Snoddy foaming with rage at Bell-end-amy

It was a dinner time start for most Leeds United fans as we made our way towards Wales hoping the new Cardiff City bowl would bring us more luck than their old ground.

With the form table showing a struggling Cardiff and an undefeated-in-twelve, Leeds United, most Whites fans seemed optimistic ahead of this one. There were also those of us that pointed to our record against the Welsh side however and would have snatched your hand off for a fourth consecutive draw. Seven times we’d met Cardiff since relegation, losing five, drawing two and winning none of them. Before that, the last time we beat them was 1984 when Eddie Gray was manager.

After what seemed like a very long journey, we arrived at a service station where a pointless exercise to hand tickets out took place (creating absolute chaos) before the Leeds fans were monitored en-route to the stadium by the caring boys in blue. Bit like being a celebrity really – arrive in a foreign land and watch the foreigners tax money carefully wasted on your visit. Not too shabby.

By this point, the team news was starting to come through and there was a couple of surprises in store as Simon Grayson decided to flirt with 4-4-2 again and partner Ross McCormack and Billy Paynter up front. There was also a much welcomed return for Ben Parker at left-back, which prompted me to start taking bets on how many minutes he would last – sorry, but he’s made of glass (although my 30 minute prediction was somewhat wide of the mark).

Once safely inside the Peter Ridsdale identi-kit bowl with the rain lashing down on Wales, the game got under way and a pattern of sustained pressure from Cardiff began. Craig Bellamy was fit to start contrary to reports earlier in the week and it was himself and England striker, Michael Chopra causing the most problems for Leeds. Andy Keogh – remember him? – was also a particular nuisance as the Whites struggled to settle into the game.

The best Leeds United saw of the early exchanges was a curled shot wide from Robert Snodgrass, before Craig Bellamy went up the other end and made it 1-0 with just eleven minutes played. Dreadful defending from Leeds, who held off the Man City striker allowing him to stab the ball through Leeds’ defence and the legs of Kasper Schmeichel to open the scoring.

The frustration amongst those in White was quickly becoming evident as Robert Snodgrass and Paul Connolly were lured into handbag contests with the thuggish Craig Bellamy. Whilst Snoddy giving him a black eye would have been somewhat satisfying for the travelling fans, this is exactly what the Man City man does to his markers and Connelly and Snods should have known better.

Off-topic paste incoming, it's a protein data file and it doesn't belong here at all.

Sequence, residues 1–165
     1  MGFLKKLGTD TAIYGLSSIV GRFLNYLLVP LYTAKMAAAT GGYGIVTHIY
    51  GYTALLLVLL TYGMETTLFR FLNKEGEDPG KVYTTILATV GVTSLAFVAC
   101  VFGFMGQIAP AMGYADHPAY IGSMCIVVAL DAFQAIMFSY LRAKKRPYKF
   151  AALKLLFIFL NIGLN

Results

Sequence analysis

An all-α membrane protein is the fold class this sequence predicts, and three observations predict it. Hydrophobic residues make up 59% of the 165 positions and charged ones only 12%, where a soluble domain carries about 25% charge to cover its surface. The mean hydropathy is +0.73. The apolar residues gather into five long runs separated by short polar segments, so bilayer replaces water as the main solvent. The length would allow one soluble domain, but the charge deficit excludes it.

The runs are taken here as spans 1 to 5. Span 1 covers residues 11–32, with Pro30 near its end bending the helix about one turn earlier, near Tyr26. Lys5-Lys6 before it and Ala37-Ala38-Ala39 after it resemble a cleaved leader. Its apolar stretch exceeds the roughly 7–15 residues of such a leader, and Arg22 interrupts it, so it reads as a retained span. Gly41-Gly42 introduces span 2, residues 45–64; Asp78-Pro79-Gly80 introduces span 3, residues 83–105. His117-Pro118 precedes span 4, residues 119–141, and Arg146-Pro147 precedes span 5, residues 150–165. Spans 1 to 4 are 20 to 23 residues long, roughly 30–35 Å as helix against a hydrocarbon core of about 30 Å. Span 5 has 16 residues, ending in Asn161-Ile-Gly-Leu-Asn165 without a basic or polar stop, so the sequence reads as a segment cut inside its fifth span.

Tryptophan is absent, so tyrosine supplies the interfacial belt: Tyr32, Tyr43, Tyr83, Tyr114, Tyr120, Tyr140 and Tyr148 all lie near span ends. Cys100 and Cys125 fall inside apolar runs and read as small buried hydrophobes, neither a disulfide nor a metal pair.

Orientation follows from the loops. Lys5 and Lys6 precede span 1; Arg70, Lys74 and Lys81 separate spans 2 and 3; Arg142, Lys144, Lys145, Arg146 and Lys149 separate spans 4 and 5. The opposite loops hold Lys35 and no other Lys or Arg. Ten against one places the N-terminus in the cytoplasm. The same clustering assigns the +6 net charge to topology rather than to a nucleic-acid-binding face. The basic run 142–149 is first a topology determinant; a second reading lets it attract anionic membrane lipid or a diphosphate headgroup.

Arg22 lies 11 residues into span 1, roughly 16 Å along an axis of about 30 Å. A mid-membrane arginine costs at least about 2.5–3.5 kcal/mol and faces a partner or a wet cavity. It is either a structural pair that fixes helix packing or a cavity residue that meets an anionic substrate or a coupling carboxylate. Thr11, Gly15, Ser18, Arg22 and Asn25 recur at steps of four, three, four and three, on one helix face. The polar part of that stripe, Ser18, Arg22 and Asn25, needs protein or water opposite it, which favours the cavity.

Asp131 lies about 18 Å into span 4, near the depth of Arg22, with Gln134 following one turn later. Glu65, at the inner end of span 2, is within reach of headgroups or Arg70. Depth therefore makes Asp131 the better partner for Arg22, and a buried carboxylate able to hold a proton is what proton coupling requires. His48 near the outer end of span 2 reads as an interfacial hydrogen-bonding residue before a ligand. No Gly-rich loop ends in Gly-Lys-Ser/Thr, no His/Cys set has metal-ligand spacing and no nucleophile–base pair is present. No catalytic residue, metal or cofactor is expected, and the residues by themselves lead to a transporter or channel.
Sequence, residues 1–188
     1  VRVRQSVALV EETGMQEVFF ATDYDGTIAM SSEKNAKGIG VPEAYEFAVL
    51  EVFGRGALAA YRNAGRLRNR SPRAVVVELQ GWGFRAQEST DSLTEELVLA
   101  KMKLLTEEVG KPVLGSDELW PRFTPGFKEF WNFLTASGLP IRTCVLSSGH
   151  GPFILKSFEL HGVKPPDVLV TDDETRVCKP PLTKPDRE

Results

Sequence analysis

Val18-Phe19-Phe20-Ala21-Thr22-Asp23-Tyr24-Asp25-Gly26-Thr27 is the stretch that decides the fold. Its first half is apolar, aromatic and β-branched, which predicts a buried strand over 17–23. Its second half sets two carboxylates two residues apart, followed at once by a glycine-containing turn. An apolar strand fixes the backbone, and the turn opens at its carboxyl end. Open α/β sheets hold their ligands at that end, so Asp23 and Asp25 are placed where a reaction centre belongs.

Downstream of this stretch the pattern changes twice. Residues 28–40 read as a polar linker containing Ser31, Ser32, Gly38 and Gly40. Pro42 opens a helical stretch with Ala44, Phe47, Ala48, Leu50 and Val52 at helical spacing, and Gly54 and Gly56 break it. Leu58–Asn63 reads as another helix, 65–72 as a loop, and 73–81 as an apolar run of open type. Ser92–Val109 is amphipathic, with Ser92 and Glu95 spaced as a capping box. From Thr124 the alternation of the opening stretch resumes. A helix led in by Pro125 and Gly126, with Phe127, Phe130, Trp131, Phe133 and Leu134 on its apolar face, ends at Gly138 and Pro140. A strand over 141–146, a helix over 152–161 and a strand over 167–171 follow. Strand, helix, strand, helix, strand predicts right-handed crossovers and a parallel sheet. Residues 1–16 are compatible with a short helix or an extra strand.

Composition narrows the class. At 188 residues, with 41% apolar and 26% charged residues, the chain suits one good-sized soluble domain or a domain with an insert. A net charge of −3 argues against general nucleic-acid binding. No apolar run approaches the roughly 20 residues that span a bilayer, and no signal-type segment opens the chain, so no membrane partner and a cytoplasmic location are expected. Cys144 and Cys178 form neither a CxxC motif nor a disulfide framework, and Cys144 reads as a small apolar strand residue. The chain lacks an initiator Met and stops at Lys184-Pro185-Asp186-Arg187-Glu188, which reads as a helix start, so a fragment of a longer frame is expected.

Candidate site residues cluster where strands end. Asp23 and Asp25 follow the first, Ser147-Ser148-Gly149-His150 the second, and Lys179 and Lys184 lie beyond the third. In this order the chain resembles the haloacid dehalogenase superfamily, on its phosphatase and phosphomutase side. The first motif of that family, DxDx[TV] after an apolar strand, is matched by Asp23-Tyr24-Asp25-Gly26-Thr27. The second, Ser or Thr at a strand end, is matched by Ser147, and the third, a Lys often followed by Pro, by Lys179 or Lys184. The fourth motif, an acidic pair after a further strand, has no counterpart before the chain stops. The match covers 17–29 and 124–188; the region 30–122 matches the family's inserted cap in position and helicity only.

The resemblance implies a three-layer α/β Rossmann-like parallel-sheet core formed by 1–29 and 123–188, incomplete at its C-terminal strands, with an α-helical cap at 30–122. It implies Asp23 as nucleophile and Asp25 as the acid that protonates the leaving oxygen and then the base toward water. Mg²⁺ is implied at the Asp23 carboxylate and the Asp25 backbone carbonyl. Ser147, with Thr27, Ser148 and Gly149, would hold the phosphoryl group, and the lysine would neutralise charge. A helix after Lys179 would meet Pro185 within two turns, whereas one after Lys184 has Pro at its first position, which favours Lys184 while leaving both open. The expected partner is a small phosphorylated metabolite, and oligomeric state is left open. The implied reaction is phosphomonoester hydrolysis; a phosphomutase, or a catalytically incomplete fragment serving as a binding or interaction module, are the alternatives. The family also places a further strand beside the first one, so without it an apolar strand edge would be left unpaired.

The remainder of the first half is one the travelling Leeds fans will quickly want to forget. Kasper Schmeichel made a series of saves and clearances to keep the score respectable as Cardiff completely dominated the tie. But Cardiff failed to capitalise on their almost total dominance and the game remained 1-0 at the break.

Talking on Twitter at half time, I’d made an exaggerated guess that Cardiff must have had 29 corners to Leeds’ 1. Numerous replies came in and it turned out the actual stat was Cardiff 9-2 Leeds United, and that pretty much summed up the amount of this game we’d seen so far. If Leeds were going to end a record of forgettable score-lines against Cardiff, something had to give.

The second half began much the same as the first ended and Kasper Schmeichel remained Leeds United’s most productive player.

With less than 15 minutes of the second half played, Simon Grayson made the changes needed to give Leeds United some kind of attacking threat and width in the game. Lloyd Sam and Sanchez Watt were the players brought on in place of Gradel and McCormack. It would prove to be an inspired change that would make an immediate impact.

Only two minutes Sanchez Watt was on the pitch before he made a pacey run down the wing and played Lloyd Sam in who turned two players before seeing his shot denied by the keeper. As Leeds looked to maintain the pressure from the attempted clearance, Robert Snodgrass picked the ball up on the edge of the area and fired a stunning curling shot into the top corner to level the game. 1-1

No sooner had Lloyd Sam come on, than he was taken off again as he pulled up in noticeable discomfort and signalled to the bench to make the change. As Sam was taken away with the 1,900 Leeds fans watching in concern, Luciano Becchio came on as his replacement and there was a moment of expectancy as Cardiff’s fans grew restless from failing to shut Leeds out earlier.